Peace, Locomotion is told in a series of letters that are written by twelve-year-old Lonnie (Locomotion to his friends) to his little sister Lili. We learn that they are living in different foster homes, although we don't immediately know why. From the first chapter, Lonnie's voice comes through loud and clear. You can't help but like this young boy, who is sensitive, artistic and has experienced some incredible losses in his young life. He lives with Miss Edna and her two sons, although one of them--Jenkins--is over fighting in an unnamed war. Miss Edna is kind and loving to Lonnie, and we watch over the course of 134 pages as his definition of family changes to be inclusive of her, as well as Lili and her foster family.

Not a lot happens in Peace, Locomotion and yet Lonnie experiences tremendous growth. He has a best friend Clyde, and their friendship is typical twelve-year-old boy stuff, and much more. On the one hand they play basketball and soccer, while on the other we learn that Clyde and his sister live with his aunt, and that his mom just drops in every now and then. Once again, pushing the definition of family to the edge.

When we learn that Jenkins has gone missing from the war, the fear and worry are palpable in the house. Lonnie starts to grapple with the idea of war and peace, and all that entails. When Jenkins is eventually found, he is injured. The story depicts his re-entry into the household, shell-shocked and in a wheel chair. Woodson doesn't shy away from anything, and the story is told in spare, beautiful prose, that is absolutely appropriate for the middle grade reader. She's a wonderful writer who manages to say a lot, without a lot of words. It's an art.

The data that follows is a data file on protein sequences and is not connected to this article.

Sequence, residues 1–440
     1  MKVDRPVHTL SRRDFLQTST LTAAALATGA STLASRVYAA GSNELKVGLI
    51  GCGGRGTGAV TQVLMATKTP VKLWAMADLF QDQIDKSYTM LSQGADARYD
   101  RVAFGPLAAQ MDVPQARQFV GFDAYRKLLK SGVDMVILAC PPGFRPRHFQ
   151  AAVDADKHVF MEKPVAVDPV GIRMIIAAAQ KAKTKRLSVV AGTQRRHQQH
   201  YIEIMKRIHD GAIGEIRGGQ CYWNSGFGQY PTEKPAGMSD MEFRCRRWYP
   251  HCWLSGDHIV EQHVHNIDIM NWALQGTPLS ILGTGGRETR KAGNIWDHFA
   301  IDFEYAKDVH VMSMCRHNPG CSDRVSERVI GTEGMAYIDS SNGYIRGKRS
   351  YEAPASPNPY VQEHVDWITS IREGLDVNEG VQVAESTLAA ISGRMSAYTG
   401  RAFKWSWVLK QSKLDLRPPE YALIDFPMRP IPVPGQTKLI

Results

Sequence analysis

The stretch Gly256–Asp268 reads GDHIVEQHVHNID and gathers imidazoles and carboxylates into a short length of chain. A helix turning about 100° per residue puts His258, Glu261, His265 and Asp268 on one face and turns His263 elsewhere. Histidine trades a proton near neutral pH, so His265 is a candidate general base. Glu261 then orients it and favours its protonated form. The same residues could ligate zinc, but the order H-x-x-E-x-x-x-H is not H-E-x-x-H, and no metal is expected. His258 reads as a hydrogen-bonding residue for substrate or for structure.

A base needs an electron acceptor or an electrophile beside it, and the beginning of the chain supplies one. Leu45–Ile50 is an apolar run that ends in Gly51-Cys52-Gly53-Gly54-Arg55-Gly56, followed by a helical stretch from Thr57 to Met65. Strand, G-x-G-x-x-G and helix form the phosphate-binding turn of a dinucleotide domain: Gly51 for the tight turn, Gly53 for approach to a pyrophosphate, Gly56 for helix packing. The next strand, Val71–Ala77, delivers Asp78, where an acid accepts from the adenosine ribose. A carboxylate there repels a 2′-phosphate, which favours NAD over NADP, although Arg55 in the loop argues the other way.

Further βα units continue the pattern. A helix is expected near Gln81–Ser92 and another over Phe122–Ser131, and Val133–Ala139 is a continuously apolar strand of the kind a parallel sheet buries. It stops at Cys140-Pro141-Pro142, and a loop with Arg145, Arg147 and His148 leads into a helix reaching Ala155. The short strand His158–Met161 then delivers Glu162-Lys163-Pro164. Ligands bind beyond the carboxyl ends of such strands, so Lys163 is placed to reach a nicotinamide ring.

Peace, Locomotion is a sequel to the book Locomotion which dealt with Lonnie and Lili in the aftermath of a tragic fire that killed their parents. While I haven't read it, I certainly intend to. Instead of letters, Lonnie, who is a gifted writer, writes it in a series of poems. Peace, Locomotion has two of his poems about peace in the endnotes. Here's one of them which, I hope, will give you an idea of the voice and beauty of the book:

"Imagine Peace

I think it's blue because that's my favorite color.
I think it's soft like flannel sheets in the
I think Peace is full-
like a stomach after a real good dinner-
beef stew and corn bread or
shrimp fried rice and egg rolls.
Even better
Than some barbecue chicken.
I think Peace is pretty--like my sister Lili.
And I think it's nice--like my friend Clyde.
I think if you imagine it, like that
Beatles guy used to sing about?
Then it can happen.
Yeah, I think
Peace Can Happen"

BookNosher Tidbit: Peace, Locomotion was an Odyssey Honor Book for 2009. This annual award is given to the producer of the best audio book produced for children and/or young adults, available in English in the United States. The selection committee also selects honor titles.

Sunday, January 17, 2010

Emily Gravett: Picture Book Author/Illustrator Worth Checking Out

In the four years since Emily Gravett's first book Wolves came out, she has written and illustrated eight noteworthy children's picture books. Each one of them is unique, clever and ends up sneaking up on you. I found myself finishing up one, and then turning back to page one and re-reading it right away. She is an author we will hear much from in the coming years.

Written and Illustrated by: Emily Gravett
Recommended Ages: 4-8